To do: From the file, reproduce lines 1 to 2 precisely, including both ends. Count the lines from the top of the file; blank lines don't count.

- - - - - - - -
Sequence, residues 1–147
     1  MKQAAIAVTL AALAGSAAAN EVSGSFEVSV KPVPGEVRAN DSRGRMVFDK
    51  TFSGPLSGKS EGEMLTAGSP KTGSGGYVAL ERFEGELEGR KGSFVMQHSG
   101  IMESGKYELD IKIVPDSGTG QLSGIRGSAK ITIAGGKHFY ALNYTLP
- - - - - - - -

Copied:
Sequence, residues 1–147
     1  MKQAAIAVTL AALAGSAAAN EVSGSFEVSV KPVPGEVRAN DSRGRMVFDK